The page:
Here is an interesting test and comparison of winter driving in front-wheel drive (FWD), rear-wheel drive (RWD) and all-wheel drive (AWD) car on snow.
Tyre Reviews recently had an opportunity to test a Tesla Model 3 Performance on a test track. This version of the car is dual-motor, all-wheel-drive.
However, thanks to the Track Mode, the driver can change settings of power distribution between the front and rear in 10% steps, including 100% rear or 100% front. This allows testing the same car with FWD, RWD and AWD (50/50) settings.
* Despite FWD/RWD settings, the car still might use the other axle, for example, to accelerate faster.
“Please note we were unable to do traction testing as the Tesla defaults back to AWD when the car is straight, even if it’s set to 100% rear wheel drive mode only. This will come at a later date.”
Each of the three settings was tested on the track at -7°C on a car fitted with all-season tires (Michelin Pilot Sport All Season 4).
As it turns out, the lap times are similar between the FWD and RWD, while AWD is slightly faster:
- FWD: 101.3 seconds
- RWD: 99.1 seconds
- AWD (50/50): 94 seconds
More important are the insights. FWD is considered boring, but safe. The RWD is very enjoyable and turned out to be marginally quicker. The AWD is also nice and provides the best driving capabilities.
More about tires:
“Ordinarily the Model 3 Performance fits 20” wheels, Michelin have modified their car to accept the base OE 18” wheels which we used for the testing.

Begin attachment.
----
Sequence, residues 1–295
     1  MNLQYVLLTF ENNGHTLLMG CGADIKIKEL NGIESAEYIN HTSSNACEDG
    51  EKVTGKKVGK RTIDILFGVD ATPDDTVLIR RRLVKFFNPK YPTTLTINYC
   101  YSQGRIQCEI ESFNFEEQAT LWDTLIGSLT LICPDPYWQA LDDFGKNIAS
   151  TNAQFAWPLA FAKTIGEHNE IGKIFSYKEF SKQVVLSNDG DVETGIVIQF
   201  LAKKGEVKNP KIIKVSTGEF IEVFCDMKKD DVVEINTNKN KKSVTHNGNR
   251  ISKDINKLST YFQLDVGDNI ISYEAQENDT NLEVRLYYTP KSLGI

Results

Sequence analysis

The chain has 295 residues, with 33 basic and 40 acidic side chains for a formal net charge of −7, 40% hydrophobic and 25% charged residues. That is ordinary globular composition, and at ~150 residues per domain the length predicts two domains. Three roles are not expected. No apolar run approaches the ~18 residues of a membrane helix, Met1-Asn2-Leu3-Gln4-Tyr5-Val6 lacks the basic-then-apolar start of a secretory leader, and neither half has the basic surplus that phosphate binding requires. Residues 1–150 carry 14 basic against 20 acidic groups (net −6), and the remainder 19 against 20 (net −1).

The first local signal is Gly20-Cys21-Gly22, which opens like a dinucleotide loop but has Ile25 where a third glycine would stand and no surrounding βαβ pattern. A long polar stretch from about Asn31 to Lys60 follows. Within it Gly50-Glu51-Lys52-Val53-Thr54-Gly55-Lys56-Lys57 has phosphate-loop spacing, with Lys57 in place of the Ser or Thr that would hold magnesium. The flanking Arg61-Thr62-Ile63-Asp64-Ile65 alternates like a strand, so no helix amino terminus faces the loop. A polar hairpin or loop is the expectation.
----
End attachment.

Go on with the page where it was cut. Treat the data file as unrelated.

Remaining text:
Also, the OE 18” tire size is 235/45R18, whereas we were only able to get 245/40R18 tires in time for this test. We ran the tires at the OE pressure of 42 psi.”
Speaking of tires, one might wonder whether AWD with all-season tires is good enough for winter driving. Well, it was not presented, but in a previous Tyre Reviews‘ video, we can see a comparison of conventional cars (Mini Countryman S) with:
- AWD and all season tires (Goodyear Vector 4Season Gen 3)
- FWD and winter tires (Goodyear UltraGrip Performance+)
The results show a huge advantage for AWD (all-season tires) in terms of accelerating, driving and starting uphill, while the winter tires (FWD) are better in terms of braking and turning.
It would indicate that AWD and all-season tires would be enough as a basic solution, especially if the winter period is relatively short and if the speed on snow is limited and in flat areas (not much downhill braking).